Q.        When would be the best time to let prospective buyers look round my home?  

A.        This is the sort of question that estate agents are always being asked – another example being, “When is the best time of year to put my home on the market?” This is entirely understandable, given the fact that people’s homes are almost certainly their single most valuable asset, so they are naturally keen to maximise their chances of achieving a successful sale at the best possible price. Nevertheless, generally speaking there is no such thing as the “best” time to do these things – any more than one can say, for example, that if you paint your walls powder blue instead of white, you will get higher offers!  

The fact is, there are very few hard and fast rules where the property market is concerned. That said, however, in an ideal world you would probably want viewings to take place on a bright, sunny day, so that the inside of your home appears as light and airy as possible. Sunlight, of course, also has the added advantage of putting everyone in a good, positive mood! Of course, in this country we can’t actually guarantee the kind of weather we’re going to get from one moment to the next. Nevertheless, you can to a certain extent compensate for a dull, overcast day by switching on all the lights.  

Other than the weather, there’s really not much more to say. It was very different back in the days when the workings of the property market were largely governed by the time-honoured principle of “Caveat Emptor,” or Buyer Beware. Back then, if your home was close to a school, your agent might quite legitimately suggest that you avoid holding viewings at break times, which might be rather noisy, or at “going home time,” when streets might be jammed with badly-parked 4x4s. Ultimately, it was up to the buyer to draw their own conclusions about the likely effect of living next door to a school. It wasn’t for you to volunteer information about the noise – unless you were asked a direct question.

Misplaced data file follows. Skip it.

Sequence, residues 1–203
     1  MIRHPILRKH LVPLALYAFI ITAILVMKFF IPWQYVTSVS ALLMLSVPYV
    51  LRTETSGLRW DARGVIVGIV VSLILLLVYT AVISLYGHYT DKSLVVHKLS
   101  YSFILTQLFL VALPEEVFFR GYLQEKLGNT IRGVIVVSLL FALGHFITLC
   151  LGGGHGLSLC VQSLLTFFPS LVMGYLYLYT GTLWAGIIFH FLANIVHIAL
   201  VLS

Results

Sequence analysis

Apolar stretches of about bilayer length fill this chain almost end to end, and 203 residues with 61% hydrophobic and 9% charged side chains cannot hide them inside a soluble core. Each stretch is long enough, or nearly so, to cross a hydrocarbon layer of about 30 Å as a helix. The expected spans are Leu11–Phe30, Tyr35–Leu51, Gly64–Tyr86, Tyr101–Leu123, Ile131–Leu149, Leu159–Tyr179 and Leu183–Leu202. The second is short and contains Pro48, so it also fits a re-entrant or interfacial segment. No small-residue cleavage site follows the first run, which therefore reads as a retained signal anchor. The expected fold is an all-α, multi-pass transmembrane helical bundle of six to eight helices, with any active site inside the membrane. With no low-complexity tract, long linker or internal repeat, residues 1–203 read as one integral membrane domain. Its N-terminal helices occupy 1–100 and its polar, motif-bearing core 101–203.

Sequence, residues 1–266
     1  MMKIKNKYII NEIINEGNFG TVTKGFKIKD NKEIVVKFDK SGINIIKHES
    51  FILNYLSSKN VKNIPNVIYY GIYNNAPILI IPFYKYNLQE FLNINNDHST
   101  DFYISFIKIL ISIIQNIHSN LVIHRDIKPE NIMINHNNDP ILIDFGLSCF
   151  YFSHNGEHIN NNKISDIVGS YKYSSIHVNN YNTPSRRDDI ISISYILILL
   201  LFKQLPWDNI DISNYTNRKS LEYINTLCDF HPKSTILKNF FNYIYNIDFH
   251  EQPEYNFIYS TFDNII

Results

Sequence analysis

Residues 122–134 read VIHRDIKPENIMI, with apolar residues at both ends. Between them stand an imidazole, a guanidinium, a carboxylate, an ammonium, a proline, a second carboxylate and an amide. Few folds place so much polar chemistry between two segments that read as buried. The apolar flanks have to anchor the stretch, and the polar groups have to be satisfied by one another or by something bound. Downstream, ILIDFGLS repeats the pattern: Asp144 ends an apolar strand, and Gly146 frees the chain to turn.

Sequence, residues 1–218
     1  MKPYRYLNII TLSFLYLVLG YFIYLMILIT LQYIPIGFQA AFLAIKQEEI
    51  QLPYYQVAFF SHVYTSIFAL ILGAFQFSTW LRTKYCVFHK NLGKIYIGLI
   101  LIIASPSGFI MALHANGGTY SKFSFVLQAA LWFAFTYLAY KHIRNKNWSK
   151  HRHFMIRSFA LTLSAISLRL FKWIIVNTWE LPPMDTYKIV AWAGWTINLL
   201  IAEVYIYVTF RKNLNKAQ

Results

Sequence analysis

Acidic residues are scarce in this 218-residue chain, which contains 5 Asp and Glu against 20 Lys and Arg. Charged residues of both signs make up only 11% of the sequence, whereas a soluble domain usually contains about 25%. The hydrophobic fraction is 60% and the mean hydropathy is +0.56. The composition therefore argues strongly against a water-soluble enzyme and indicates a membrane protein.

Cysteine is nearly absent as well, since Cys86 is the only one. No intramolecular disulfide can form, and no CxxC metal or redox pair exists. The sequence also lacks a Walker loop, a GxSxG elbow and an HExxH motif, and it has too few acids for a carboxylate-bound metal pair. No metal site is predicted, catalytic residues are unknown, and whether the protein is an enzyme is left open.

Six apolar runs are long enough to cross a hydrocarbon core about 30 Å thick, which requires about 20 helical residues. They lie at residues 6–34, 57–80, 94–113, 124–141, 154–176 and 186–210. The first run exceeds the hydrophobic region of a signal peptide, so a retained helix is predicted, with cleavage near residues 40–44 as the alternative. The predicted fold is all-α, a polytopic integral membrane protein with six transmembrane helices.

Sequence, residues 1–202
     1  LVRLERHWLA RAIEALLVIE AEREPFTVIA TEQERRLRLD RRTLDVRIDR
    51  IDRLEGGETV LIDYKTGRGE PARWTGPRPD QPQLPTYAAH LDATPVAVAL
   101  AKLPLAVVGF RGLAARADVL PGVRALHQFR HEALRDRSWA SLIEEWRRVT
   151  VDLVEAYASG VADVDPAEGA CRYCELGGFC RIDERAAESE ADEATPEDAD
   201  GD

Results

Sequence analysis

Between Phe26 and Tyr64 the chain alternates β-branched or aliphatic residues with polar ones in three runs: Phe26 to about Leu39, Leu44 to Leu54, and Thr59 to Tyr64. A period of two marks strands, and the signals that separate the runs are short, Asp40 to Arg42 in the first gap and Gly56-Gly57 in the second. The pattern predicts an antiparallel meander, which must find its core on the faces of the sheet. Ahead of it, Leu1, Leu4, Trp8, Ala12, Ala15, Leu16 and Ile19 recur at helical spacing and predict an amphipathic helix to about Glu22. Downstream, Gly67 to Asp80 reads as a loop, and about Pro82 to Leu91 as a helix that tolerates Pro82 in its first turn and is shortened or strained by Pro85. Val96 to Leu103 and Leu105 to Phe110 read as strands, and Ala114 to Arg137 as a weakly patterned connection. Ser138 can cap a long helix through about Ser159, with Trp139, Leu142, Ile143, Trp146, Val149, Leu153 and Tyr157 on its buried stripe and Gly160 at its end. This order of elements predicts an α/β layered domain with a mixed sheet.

Not any more. The extension of the snappily-titled Consumer Protection from Unfair Trading Regulations to the property market back in 2013 spelled the end of Caveat Emptor. Now, both you and your estate agent are legally obliged to reveal anything and everything about a property that might affect someone’s decision to buy it – in other words, all the bad news as well as the good. So, using the previous example, you would now have to tell buyers about the noise from the school, even if they didn’t ask. So, with that in mind, you might just as well have them looking round your home at school break time, after all!